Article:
That night I went home exhausted, but tired or not I still went through my lines. I had been chucked in at the deep end, but I was learning fast. Learn all the dialogue, not just your own. I had read the complete script several times, and was still none the wiser. A Horror film that apparently showed no violence. I had been secretly hoping that my end would be bloody, but I was told that after my last line, the camera would cut away to a shot of a policeman looking down at me with the brilliant dialogue “She’s dead”. And still no clue how we all died until the final shot. Not even one drop of blood would come my way!. My dialogue with Carl now included the line referring to my bruise. The following day at rushes they thought that the bruise was too heavy, so it was reshot with it much lighter. The following day they looked at the result and thought it too pale; and so it went on and on and on. Whenever I had a moment off the set, Peter would be interviewing me for the BBC. Parade and Blighty wanted to shoot colour of me for a double page spread on the set. We finished up with the pictures shot in the mobile make up room, with a snatched shot of me on the Parisian Street. There seemed to be very little from the Publicity Department in publicising the film, so George took pictures of me in my costumes both in colour and black and white on my own original sets at weekend, our Kamera magazines and Calendars we lent as set dressing in the scene showing the interior and exterior of the newsagents shop. When the film was ultimately shown, it increased the sale of our pictures.

Finally the scene was finished. The set was struck and the iron bedstead with the bed coverings and pillows was put in place for my final scene. Powell was a strange man to work with, cold, somewhat remote; a sarcastic tongue. He seemed to enjoy humiliating the actors, and certain ones would be his whipping boys and one day it was me. I had put on the flowered negligee and was standing being lit by Otto, when the storm broke. My costume was wrong. It was not transparent enough and I looked like a bale of material, (I knew that), why ?… Because it had been lined with a pink lining for decency’s sake said Wardrobe. “Then take it out now”. I took off the offending garment and the Wardrobe Lady, making sure that I was covered with not a hint of flesh showing that might drive the crew wild, cut out the lining with a pair of scissors. I put it back on, and was re-lit. The cameraman thought it was too transparent with the lights shining through it; they shifted the lamps. I was measured and my marks put down on the floor, my dialogue and movements checked. I had to be careful to stay in one position at the head of the bed, for the set was very narrow, and restricted. Camera, Action, and we were away with the scene where I am berating Mark for calling me in to pose for him: I am angry. “CUT!” yells Powell. “Why are you not moving about, you are supposed to be angry with him, just don’t stand there, throw yourself around the set”.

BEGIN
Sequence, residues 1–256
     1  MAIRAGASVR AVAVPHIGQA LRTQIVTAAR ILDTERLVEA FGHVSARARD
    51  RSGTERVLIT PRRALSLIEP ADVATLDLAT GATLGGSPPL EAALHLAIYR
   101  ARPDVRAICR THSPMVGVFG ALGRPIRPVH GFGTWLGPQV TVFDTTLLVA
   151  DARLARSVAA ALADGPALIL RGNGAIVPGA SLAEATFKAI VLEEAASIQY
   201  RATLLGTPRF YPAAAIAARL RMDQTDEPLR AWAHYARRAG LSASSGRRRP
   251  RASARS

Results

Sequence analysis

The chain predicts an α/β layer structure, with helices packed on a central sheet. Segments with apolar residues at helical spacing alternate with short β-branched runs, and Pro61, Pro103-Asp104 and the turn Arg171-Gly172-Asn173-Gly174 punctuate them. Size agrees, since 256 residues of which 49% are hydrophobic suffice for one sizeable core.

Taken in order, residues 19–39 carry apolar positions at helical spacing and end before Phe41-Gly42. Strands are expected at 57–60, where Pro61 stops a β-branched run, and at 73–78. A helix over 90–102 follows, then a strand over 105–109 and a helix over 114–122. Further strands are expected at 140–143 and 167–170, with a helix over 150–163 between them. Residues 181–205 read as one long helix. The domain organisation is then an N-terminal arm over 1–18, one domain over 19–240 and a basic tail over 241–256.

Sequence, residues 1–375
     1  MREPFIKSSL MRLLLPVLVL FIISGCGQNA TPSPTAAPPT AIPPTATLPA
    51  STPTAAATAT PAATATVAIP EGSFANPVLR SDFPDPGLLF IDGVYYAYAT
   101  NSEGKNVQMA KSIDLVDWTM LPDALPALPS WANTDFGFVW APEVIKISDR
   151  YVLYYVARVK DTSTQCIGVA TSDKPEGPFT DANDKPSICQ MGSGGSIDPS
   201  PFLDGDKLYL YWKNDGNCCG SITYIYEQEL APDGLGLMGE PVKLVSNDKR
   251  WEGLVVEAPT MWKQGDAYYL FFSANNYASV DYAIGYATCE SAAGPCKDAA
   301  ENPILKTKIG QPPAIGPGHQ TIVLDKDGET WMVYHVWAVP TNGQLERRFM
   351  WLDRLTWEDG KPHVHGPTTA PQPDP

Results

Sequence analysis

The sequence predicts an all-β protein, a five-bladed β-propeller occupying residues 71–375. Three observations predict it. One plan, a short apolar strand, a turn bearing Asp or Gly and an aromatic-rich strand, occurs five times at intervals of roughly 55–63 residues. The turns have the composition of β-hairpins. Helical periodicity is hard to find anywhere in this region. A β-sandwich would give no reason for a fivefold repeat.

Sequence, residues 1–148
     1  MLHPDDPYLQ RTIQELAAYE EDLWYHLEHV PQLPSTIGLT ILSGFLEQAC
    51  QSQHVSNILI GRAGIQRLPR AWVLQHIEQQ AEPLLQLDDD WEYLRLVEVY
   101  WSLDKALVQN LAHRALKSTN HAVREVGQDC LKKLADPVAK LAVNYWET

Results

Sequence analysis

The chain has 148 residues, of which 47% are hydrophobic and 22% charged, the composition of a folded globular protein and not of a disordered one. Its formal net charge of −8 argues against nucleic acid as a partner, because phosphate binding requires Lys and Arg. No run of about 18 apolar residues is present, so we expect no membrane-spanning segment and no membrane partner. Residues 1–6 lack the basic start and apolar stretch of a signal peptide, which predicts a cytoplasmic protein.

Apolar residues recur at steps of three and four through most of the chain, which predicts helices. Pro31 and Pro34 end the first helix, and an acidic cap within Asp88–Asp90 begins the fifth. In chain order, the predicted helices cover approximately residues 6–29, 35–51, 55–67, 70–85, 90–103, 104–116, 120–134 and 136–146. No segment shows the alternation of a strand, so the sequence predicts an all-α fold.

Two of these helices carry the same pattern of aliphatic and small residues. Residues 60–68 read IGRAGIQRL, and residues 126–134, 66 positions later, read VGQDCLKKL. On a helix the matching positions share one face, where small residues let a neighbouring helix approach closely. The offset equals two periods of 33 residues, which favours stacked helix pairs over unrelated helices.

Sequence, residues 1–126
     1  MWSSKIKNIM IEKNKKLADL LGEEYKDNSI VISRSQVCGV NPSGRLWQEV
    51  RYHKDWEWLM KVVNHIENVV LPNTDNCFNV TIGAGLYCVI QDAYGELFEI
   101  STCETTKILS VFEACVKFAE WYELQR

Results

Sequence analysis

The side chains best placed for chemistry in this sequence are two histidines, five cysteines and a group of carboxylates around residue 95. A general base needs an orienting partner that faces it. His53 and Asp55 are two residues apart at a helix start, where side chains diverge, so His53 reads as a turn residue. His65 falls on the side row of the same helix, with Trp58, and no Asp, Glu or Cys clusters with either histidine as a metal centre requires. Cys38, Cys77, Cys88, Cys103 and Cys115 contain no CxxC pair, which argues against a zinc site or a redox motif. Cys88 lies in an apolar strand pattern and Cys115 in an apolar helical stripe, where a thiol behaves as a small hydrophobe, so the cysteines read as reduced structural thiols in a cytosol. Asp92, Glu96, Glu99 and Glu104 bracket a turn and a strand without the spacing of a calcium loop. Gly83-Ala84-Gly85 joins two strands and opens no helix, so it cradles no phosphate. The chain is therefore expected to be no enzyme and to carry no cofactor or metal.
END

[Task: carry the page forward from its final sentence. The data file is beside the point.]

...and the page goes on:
Fear overcome, my temper flared; turning to the camera I asked them that if I did as Powell said I would be off the set, and was I not supposed to stick to the markings that had been put down especially. Back came the answer, yes I had to stick to the marks. Temper really gone, I turned to Powell and yelled at him “Why don’t you make up your Bloody mind”. The English Gentleman returned, he became charm itself and we did the scene again. Lesson number two, stand up to him.